The second batch I just dumped potting mix straight into the box and planted cuttings in rows. They are about 4-5 inches apart. Question is: will I regret this? How difficult will it be to repot individually later ? Especially if roots eventually grow into each other? I think I should get them settled with no humidity dome for at least a couple of weeks before trying repotting? I know some plants hate transplanting but I have little experience with figs on this issue. I have another batch of cuttings coming next week and I may experiment with not lidding some of those boxes. Should I go back to individual pots for each cutting?

This is getting addictive. Good thing I've got 2 acres. I'm going out over the weekend to stake down a couple of sheets of black plastic on my south facing back hill to kill grass. In late spring I'll remove plastic and do a raised bed and starting planting some of my new fig babies in the ground and others in big pots that I can drag into the basement in the winter. I was eventually hoping to do a hoop house over my more delicate varieties for winter but not sure how soon that will happen.
 

Shaft

Newly Registered
Fundamental
Joined
Aug 30, 2021
Messages
322
Makes perfect sense for soft wood cuttings like roses and hydrangeas. Humidity dome is real good for those. On lignified wood you want to avoid humidity

I put my cuttings into a tote with medium along the bottom,, in cups filled with medium. Then I pour medium into the area around each. Roots stay separate
 

jas

Newly Registered
Fundamental
Joined
Nov 2, 2021
Messages
12
So what is a realistic expectation for an experienced grower? What percentage of planted cuttings make it to mature producing trees? It stands to reason you lose a bit more while learning but what is realistic to aspire to?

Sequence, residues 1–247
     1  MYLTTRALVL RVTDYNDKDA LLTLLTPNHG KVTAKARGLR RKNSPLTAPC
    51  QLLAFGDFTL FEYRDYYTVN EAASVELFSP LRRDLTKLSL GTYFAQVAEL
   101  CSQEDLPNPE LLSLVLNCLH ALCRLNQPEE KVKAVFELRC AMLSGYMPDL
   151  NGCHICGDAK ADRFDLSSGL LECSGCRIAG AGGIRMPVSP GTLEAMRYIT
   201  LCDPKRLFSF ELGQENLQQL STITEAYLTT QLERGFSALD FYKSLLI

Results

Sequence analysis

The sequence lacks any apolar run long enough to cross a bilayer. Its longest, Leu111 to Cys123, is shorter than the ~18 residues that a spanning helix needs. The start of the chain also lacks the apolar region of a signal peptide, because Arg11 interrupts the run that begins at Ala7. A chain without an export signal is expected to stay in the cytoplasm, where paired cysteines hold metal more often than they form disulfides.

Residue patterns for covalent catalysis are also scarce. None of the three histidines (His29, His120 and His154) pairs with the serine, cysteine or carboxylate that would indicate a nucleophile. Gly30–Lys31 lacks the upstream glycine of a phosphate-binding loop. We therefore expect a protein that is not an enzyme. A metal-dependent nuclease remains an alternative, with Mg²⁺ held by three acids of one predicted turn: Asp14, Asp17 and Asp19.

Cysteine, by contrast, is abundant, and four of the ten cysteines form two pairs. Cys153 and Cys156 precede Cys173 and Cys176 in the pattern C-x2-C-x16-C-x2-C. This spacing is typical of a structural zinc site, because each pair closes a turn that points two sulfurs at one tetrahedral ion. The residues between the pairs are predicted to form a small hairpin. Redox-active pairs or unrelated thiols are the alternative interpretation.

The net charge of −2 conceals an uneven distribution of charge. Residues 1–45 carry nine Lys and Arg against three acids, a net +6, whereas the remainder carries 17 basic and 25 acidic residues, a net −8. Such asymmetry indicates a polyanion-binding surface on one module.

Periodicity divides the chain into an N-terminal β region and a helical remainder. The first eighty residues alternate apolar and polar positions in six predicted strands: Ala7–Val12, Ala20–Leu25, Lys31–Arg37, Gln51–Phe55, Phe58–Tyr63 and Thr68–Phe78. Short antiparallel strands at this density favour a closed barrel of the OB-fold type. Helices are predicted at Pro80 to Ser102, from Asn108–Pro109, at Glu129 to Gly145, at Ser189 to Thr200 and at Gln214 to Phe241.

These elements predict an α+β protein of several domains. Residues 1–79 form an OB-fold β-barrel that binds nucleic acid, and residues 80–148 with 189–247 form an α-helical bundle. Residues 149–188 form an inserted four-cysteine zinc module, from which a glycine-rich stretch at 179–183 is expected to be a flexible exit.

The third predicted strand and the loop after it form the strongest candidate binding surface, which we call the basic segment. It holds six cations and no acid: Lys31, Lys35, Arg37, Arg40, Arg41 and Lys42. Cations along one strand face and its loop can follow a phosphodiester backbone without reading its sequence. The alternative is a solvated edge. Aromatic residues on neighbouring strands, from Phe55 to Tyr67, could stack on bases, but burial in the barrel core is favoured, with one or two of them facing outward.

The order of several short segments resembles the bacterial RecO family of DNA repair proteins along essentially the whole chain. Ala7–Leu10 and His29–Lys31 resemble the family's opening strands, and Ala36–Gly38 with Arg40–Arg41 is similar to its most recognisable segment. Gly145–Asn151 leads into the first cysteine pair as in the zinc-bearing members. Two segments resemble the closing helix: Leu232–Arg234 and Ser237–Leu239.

Shaft

Newly Registered
Fundamental
Joined
Aug 30, 2021
Messages
322
I dunno, hard to say. I'm pretty new to this. When I was doing it on a smaller scale, people seemed astounded I was getting 70-90% depending on what species (I do non-fig stuff too). Now I'm working on a much larger scale (this winter should see 10-20k cuttings attempting to root) so we'll see. I've heard from experienced sellers that 70% is an EXTREMELY HIGH percentage at scale.
 

Figology

Newly Registered
Fundamental
Joined
Sep 10, 2021
Messages
94
So what is a realistic expectation for an experienced grower? What percentage of planted cuttings make it to mature producing trees? It stands to reason you lose a bit more while learning but what is realistic to aspire to?
Unless someone has a dedicated green house, watering schedule, and good soil, numbers are going to be significantly lower.

I had an 80% success rate rooting cuttings in fig pops (coco coir/perlite). Then I lost an estimated 20% when I transplanted those to potting soil. I lost about 1/3 of the fig pops due to a combination of weather and soil shock.

I started my cuttings in the summer, so heat might be a major factor in the death rates considering they are all outside here in SoCal.

I’d say my current success rate is 50% out of 200+ tries but I’ll have to wait to see what survives until at least next year.

Commercial farms have everything down to a science. You’ll see success rates in the 80-85% range with all the variables well controlled.
 

Latest posts

Forum statistics

Threads
125
Messages
737
Members
86
Latest member
rcnblg
Top